The relationship between Britain and India is warm and based on deep cultural, historical and, above all, personal roots. From the over one million people of Indian descent living in Britain to our strong democracies and our shared love of cricket, we have so much in common.
And this friendship and partnership between our two countries is now stronger and more important than ever before. This is a view, I know, shared by the Indian government and which is why I look forward to welcoming Manmohan Singh to London this week for the third annual UK-India summit.
We will have a great deal to talk about. Our economies are increasingly linked. Trade between our two countries is growing at 20 per cent a year. We are the third largest foreign investor in India — and are keen to invest more. There are already 500 Indian companies operating in Britain, with investment of over £ 1 billion last year alone. But we cannot be complacent. So we will talk this week about identifying new avenues for bilateral investment and how we can remove obstacles that prevent increased partnership. This includes looking at how we can work together to open up markets in India. With planned infrastructure projects in India expected to need investments of
$ 150 billion over the next decade, this is in both our interests. That is true as well of finding ways to use India’s growing know-how and innovation to strengthen Britain’s science base.
All these economic links are, of course, based to a great deal on the multitude of personal connections — of family and friendship — between our countries. Britain would be poorer in every way without the immense contribution of the 2 per cent of our population with roots in India. And these connections also continue to strengthen.
Britain issues more visas — more than 300, 000 — to Indians than to citizens of any other country. And even more Britons — 600,000 — travel to India each year. Since the first UK-India Summit in 2004, the number of direct flights between our two countries has quadrupled.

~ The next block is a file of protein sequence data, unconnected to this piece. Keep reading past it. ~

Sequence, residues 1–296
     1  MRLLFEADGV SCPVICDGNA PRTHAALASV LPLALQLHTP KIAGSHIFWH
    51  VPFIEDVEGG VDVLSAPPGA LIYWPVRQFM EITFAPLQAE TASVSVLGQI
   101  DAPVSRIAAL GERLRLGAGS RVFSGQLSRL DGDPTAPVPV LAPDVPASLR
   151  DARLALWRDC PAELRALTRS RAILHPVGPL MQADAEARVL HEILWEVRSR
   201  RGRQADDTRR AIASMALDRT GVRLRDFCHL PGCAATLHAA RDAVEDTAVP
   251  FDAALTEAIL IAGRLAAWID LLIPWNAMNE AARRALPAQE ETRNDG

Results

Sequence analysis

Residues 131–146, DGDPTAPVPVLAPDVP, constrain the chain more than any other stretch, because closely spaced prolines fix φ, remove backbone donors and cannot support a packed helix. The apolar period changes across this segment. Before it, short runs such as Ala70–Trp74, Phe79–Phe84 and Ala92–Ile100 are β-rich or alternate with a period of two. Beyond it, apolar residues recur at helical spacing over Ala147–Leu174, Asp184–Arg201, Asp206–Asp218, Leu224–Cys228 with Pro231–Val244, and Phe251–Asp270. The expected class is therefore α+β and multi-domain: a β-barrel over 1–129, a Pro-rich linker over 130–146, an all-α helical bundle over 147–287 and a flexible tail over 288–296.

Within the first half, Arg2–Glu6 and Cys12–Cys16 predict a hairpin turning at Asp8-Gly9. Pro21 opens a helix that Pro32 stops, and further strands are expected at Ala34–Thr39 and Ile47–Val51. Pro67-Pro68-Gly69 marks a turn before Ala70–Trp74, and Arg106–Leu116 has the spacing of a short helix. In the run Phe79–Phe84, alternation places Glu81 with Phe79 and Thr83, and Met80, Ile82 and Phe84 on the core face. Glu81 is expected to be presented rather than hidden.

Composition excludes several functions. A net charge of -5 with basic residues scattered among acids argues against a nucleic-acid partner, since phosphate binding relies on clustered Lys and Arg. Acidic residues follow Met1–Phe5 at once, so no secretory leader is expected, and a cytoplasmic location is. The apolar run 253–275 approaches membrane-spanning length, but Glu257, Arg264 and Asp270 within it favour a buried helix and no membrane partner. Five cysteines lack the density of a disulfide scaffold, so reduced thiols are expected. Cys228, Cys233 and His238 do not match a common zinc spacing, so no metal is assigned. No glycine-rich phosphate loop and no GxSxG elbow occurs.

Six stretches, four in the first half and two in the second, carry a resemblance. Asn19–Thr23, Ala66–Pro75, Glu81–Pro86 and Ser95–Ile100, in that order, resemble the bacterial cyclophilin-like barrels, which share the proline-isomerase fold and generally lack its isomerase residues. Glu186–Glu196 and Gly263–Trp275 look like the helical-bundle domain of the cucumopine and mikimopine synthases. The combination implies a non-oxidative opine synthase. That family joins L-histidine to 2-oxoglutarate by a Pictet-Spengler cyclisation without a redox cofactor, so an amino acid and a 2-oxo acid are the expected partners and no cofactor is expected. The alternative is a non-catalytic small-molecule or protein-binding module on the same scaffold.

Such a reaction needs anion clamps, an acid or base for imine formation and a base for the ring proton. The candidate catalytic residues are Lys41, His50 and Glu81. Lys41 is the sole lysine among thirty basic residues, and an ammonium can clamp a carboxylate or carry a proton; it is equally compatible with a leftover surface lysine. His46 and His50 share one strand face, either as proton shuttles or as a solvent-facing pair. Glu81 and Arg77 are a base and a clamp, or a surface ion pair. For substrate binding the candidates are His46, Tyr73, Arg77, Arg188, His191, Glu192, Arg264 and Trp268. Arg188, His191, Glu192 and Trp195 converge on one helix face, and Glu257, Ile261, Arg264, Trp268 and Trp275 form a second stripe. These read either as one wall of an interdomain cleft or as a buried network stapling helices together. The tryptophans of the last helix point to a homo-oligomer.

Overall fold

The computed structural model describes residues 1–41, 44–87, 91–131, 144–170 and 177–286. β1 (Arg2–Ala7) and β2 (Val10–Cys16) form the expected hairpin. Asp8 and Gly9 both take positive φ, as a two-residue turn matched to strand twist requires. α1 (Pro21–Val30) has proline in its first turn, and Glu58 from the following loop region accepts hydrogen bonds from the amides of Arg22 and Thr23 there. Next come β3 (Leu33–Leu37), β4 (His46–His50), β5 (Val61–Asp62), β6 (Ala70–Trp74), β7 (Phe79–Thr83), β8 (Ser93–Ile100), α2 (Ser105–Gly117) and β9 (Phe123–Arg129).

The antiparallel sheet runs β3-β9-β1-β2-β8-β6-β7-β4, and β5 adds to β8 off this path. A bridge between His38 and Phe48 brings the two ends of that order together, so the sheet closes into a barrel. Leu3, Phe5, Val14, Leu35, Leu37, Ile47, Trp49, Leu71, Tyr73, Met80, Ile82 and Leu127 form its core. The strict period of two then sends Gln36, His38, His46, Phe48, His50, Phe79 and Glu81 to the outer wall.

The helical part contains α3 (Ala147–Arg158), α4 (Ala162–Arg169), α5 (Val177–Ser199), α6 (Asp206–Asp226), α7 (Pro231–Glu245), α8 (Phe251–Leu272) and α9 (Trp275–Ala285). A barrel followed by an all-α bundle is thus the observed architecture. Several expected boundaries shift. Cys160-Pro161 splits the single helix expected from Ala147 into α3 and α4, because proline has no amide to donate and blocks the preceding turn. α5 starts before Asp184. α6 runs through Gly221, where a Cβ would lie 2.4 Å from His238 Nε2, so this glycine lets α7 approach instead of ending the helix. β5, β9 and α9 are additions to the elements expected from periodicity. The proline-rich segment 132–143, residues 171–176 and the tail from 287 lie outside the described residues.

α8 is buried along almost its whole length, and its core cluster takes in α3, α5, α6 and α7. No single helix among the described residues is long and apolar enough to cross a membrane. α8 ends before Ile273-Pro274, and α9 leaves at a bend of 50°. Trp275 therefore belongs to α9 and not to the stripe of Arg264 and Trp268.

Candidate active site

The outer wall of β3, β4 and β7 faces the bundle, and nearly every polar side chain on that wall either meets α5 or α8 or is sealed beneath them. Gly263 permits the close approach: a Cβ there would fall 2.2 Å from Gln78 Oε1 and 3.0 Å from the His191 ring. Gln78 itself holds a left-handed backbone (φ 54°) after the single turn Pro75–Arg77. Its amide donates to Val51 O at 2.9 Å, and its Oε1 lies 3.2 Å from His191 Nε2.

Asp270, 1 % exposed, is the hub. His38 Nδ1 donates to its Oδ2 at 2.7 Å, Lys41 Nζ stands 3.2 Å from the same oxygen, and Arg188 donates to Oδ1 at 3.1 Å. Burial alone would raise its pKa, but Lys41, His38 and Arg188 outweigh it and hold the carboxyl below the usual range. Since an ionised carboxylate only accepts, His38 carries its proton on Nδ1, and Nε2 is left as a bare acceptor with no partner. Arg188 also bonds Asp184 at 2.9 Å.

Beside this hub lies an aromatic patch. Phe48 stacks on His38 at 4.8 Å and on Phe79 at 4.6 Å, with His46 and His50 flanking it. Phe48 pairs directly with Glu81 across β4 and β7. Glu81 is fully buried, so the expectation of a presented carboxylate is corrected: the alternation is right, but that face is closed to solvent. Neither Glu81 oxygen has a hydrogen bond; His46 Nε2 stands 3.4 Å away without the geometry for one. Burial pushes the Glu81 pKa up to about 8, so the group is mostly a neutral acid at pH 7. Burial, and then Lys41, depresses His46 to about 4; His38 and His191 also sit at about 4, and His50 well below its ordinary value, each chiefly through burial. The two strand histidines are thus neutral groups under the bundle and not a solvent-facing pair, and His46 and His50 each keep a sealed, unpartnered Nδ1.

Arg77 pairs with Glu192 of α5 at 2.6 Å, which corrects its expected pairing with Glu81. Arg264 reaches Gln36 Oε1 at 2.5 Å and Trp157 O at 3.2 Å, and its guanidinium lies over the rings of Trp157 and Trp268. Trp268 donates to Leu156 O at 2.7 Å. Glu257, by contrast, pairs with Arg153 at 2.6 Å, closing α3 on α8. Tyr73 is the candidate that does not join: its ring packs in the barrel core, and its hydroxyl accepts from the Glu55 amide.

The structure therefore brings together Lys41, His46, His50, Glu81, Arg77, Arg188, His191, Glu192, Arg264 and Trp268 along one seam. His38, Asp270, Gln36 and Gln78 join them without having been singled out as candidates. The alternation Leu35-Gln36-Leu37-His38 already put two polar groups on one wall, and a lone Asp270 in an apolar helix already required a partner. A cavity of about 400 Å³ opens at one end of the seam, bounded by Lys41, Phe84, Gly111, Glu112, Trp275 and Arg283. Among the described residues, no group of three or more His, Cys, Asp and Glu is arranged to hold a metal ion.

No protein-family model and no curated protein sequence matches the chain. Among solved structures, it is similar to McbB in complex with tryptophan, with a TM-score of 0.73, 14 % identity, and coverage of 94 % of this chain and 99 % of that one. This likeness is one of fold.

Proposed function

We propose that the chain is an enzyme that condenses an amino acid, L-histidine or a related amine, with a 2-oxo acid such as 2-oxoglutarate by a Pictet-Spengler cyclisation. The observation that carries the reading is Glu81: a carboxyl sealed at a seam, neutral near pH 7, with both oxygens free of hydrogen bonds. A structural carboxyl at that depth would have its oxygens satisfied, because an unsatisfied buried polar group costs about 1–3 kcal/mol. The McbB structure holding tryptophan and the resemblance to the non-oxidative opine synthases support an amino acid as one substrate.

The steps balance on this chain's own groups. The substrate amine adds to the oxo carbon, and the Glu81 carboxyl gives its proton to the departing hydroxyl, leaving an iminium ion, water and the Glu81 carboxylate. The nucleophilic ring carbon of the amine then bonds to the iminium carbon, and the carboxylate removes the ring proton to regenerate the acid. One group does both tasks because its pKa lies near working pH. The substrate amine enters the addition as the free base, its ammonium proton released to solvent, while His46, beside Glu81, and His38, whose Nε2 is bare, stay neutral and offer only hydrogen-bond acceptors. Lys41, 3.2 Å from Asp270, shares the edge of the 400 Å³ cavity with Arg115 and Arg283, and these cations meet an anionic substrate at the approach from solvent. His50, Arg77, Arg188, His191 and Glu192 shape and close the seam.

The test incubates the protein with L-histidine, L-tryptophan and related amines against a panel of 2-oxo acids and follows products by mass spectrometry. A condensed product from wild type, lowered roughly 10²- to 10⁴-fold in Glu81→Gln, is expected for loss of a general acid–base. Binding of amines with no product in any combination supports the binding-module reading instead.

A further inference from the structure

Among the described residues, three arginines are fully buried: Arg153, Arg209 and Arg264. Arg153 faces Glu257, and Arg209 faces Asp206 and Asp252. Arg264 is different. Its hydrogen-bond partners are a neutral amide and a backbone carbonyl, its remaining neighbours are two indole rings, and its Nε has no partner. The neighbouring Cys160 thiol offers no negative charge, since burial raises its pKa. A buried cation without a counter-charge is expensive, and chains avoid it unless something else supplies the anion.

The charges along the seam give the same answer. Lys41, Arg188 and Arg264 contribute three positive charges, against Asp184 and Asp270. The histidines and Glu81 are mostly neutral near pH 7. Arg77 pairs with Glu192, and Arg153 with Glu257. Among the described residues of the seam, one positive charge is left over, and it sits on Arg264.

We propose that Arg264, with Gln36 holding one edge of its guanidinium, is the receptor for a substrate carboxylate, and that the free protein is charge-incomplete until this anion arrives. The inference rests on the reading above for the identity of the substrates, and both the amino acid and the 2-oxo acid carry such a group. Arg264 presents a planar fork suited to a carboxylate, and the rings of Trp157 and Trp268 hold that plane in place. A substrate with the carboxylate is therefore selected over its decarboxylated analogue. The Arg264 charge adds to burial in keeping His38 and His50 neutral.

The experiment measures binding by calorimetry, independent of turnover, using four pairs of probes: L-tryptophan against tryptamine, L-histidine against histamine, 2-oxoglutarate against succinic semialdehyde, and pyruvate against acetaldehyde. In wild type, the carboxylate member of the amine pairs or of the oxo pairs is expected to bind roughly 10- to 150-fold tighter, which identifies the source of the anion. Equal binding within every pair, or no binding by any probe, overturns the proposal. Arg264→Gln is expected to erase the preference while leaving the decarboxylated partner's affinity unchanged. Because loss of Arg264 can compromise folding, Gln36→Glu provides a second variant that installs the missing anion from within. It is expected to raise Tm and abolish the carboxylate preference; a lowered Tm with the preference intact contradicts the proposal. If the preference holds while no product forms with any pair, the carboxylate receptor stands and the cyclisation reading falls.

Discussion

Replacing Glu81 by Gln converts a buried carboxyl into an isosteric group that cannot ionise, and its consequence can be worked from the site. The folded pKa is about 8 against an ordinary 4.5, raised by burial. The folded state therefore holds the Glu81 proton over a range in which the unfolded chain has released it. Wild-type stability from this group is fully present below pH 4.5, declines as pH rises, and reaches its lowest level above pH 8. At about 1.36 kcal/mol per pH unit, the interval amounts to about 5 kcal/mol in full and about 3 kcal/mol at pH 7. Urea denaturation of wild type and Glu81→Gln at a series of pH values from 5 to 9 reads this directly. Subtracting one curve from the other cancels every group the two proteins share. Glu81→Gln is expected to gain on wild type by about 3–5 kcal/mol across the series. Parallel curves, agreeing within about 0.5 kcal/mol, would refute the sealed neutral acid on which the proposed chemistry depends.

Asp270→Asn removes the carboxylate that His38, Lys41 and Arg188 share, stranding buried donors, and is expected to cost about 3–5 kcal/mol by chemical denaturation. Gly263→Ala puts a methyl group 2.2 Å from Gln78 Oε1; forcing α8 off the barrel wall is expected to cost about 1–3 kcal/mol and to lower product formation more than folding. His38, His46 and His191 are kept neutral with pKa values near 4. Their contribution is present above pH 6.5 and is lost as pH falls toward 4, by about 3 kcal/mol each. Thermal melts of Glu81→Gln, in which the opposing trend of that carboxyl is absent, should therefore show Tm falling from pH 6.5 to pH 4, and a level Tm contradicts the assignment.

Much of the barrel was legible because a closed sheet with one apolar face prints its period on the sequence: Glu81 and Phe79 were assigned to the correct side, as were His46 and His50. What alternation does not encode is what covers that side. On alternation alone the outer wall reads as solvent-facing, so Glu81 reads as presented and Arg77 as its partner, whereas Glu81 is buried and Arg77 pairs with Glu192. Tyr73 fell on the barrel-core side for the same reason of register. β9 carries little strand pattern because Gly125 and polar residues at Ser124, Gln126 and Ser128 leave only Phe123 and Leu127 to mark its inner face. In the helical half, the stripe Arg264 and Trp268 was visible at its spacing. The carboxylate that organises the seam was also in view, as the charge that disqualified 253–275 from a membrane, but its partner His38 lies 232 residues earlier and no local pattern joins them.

There are growing links between universities, colleges and schools, helped by the UK-India Education and Research Initiative, which is funded by both our countries. Over 20,000 Indian students will study this year in Britain and we want to see more British students travelling the other way to take advantage of India’s world-class institutions.
On foreign policy and defence, too, we are cooperating more than ever before. We are both working hard to find a fair and lasting solution to the world trade negotiations. We cooperate, too, on issues such as security and terrorism, which have an impact on both our global and domestic agendas.
India, of course, is one of the world’s modern success stories. It is the world’s largest democracy, a rich, diverse and tolerant society and is rapidly becoming an economic powerhouse. Britain strongly supports India’s bid for a permanent place on the UN Security Council and insisted on India’s attendance at the G8 summit in Gleneagles. It was under our EU presidency as well that a framework was agreed upon for a comprehensive partnership between the EU and India.
So our two countries have a big agenda this week. But we also have strong foundations on which to build. For just as both countries’ success has been based on combining change with tradition, so too will our friendship and partnership.
Tony Blair is the Prime Minister of the United Kingdom.